Haslam’s Speech Mostly Well-Received by Dems

Members of the minority party in the Tennessee Legislature expressed hope that the new governor’s interests and priorities are not too unlike their own — namely, improving education and boosting job-creation.

Democrats in the Tennessee Legislature could no doubt think of a lot of people they’d prefer to be taking charge of Tennessee’s state government other than Bill Haslam.

It’d surely suit them just fine if Phil Bredesen was the governor for another your years.

But most members of what’s now the minority party in both legislative chambers who shared their thoughts with TNReport on Saturday expressed a decidedly hopeful outlook that the new governor’s interests and priorities are similar to, or at least are reconcilable with, their own.

Gov. Bill Haslam’s inaugural speech touched on improving education, encouraging good health among citizens, fostering job creation and meeting the state’s fiscal challenges “with a measure of compassion.” Some Democrats say they’re on the same page with Haslam. Although, a few worried that some of words and phrases he used in his speech hinted at an agenda more typical of a Republican on the national stage than an independent-minded, state-focused Tennessean.

After the new governor’s speech, TNReport asked Democrats what they came away with:

Chattanooga Sen. Andy Berke said he thinks Haslam is someone who wants to accomplish a lot during his governorship and he looks forward with working with him on many of those ideas. Berke indicated he appreciates the governor’s willingness to emphasize the importance of crafting policies that promote education improvement and job growth.

House Democratic Caucus Leader Rep. Craig Fitzhugh, of Ripley, says the new governor’s inauguration speech showed he and Democrats share many of the same goals.

Nashvillian Rep. Brenda Gilmore said she was happy to hear words from Gov. Haslam indicating he sees himself as a leader for all the people of Tennessee, not just those who identify and and affiliate with the GOP.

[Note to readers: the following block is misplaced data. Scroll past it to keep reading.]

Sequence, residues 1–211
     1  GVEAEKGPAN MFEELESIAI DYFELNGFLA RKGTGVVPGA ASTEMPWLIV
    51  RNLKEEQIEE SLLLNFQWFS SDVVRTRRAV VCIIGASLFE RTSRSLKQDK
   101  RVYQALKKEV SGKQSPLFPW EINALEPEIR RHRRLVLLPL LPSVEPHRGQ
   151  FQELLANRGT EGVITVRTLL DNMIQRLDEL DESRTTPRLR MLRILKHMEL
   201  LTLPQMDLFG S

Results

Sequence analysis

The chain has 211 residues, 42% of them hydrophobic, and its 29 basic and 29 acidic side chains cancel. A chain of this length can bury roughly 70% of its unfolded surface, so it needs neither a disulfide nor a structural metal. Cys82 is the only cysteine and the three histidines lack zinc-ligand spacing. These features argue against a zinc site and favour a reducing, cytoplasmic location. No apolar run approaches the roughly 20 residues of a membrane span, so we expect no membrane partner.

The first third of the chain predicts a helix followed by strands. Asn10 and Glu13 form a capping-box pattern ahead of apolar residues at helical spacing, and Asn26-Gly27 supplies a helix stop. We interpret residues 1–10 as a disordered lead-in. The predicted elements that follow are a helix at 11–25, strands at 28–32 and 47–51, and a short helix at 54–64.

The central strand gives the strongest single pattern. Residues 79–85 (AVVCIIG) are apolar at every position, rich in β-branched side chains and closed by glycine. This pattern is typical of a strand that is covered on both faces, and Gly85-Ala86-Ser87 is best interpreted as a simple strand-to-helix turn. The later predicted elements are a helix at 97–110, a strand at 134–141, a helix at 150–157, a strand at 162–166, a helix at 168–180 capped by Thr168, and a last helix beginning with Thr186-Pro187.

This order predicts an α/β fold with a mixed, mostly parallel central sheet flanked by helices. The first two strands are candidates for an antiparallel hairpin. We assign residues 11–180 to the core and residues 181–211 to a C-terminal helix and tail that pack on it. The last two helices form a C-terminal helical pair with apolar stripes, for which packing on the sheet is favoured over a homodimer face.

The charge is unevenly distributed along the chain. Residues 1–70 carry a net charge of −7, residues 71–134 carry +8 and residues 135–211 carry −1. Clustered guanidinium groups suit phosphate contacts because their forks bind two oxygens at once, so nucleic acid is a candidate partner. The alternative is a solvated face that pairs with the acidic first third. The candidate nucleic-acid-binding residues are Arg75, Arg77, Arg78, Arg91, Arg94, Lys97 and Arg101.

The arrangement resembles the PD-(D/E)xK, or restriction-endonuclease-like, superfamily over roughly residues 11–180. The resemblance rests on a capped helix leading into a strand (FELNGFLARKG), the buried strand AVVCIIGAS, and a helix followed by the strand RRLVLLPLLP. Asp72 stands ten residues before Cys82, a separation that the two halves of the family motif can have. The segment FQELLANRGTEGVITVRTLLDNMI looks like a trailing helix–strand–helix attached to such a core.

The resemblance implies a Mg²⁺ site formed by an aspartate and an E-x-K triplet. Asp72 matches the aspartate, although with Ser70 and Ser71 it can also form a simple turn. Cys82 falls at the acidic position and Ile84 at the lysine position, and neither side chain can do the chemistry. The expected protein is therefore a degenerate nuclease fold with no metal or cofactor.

Senate Minority Leader Jim Kyle, a Memphis Democrat, said the new governor’s speech was overall quite positive and at times even uplifting. But Kyle added Haslam’s talk of government having to take things away from people wasn’t easy to hear. “But he pulled that off very well, and we are going to work with him the best we can,” said Kyle.

Sen. Beverly Marrero, the leader of the 22-member Shelby County Delegation to the Tennessee General Assembly, agreed that tough economic times call for tough choices. But she said lawmakers need to make sure they protect certain vulnerable populations.

Former House Speaker Jimmy Naifeh, a Covington Democrat, believes the chances are good Gov. Bill Haslam will, for the most part, carry on the legacy of Phil Bredesen, whom Naifeh characterized as an “outstanding governor.”

Rep. Gary Odom, a former Democratic Caucus Leader in the House, said Haslam’s inauguration speech hit on all the key points the state needs to work on in the next four years.

Rep. Joe Towns, high ranking member of the House of Representatives’ Democratic Caucus, said Haslam’s speech employed partisan GOP euphemisms and code words. Democrats, he said, have always been efficient stewards of state resources in Tennessee. Towns suspects Haslam and the GOP are signaling “they are going to try to decimate education” in the name of reform, said Towns.

Lowe Finney, the Senate Democratic Caucus Chairman, indicated he’s hopeful Gov. Bill Haslam will follow in the steps of Phil Bredesen on education, and that the new governor will bring a sense of bipartisan cooperation to office.

TNReport also spoke to Republicans and former Speaker Kent Williams about what they took away from Haslam’s speech.

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